Tuesday, April 24, 2012

Tegrity and iPads in the Classroom

I’ve been interested for some time in how instructors are using iPads in the classroom so I was particularly excited to attend “Tegrity + Tablets = A win-win for connected instructors” at the annual Tegrity Users Conference last week in Seattle.  Professor Kevin Walters demonstrated an intriguing set of techniques that I couldn’t wait to try myself.  He has figured out a way to walk into any classroom on his campus and , without installing anything on the lectern computer, have the presentation that is displayed on his iPad screen appear on the overhead projector in such a way that he can walk around the room, advancing his slides and writing on them with a stylus.

Step-by-step here is what he does:

1.       Save his presentation to dropbox as a PDF.  He also uses PPspliT, which is a PowerPoint add-in that splits animation effects into different slides.

2.       Open the presentation on the iPad using a ten dollar app called Air Sketch, which lets you annotate PDF documents and images live. On the iPad you can an IP number that you can then copy into the browser window of a computer on the same local network and then annotatefrom the iPad in real time.
3.       Start recording from the lectern PC using Tegrity.

All the processor and network intensive stuff happens on the lectern machine and the iPad just has to run the PDF viewer.

I downloaded Air Sketch and tried it myself.  It worked great on an open network although I have heard of people running into firewall issues on certain campus networks.

Another PDF reader that Professor Walters referenced was GoodReader, which I didn’t try as Air Sketch worked fine.  

Another app that I downloaded (for $5 this time) was Splashtop.  With Splashtop you can do an install on your PC and log into your Google account and then run Splashtop on the iPad and log into the same Google account.  Once you have done this, you can ‘see’ the PC from the iPad and take control.  I was able to run Photoshop, enable VPN, and do anything else my PC can do, but from my iPad – well worth the five bucks!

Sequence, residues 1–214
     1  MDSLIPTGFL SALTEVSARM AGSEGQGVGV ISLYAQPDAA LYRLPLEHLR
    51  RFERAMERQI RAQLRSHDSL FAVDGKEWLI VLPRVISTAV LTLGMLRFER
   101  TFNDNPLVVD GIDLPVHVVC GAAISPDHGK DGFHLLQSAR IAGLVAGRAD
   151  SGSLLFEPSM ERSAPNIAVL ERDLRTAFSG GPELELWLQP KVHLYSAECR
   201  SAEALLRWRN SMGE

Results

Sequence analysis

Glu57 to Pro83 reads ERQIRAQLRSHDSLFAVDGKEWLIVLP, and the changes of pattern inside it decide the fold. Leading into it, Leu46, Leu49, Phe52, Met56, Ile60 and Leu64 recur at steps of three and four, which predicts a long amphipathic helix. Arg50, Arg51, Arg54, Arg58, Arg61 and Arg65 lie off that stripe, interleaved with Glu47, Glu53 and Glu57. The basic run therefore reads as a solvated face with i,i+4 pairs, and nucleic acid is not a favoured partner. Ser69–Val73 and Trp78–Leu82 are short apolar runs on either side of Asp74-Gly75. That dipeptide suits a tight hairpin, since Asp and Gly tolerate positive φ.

Another thing that I want to do but have haven’t had success with yet, is to have my iPad view go directly to an overhead projector wirelessly.  I have an iPad to VGA projector cable but to add wireless it looks like I will need to spend $100 on an Apple TV receiver and probably another $50 on an HDMI to VGA adapter for it if I want to use the airplay setup in classrooms with older equipment.

Screenshot from iPad remotely launching Photoshop.

1 comment:

  1. I accomplish a similar feat using www.doceri.com. The attraction for me was something as simple as their stylus. I can have my students draw on my wireless iPad (tracing a wiring diagram for example) having it project on the big screen via PowerPoint. The Doceri stylus is superior because it has a built in "eraser". Flip the stylus over and it recognizes it as an eraser. It also recognizes the palm of the person drawing on the iPad thus ignoring unintended palm gestures. I did use Splashtop but that was a problem for students because of their palm on the iPad screen causing all kinds of unintended activity.

    My biggest challenge has actually been our campus wifi network. It has not always been the most user friendly for things such as this. It completely blocks Apple TV as an example which would make direct wireless iPad to big screen use a cinch!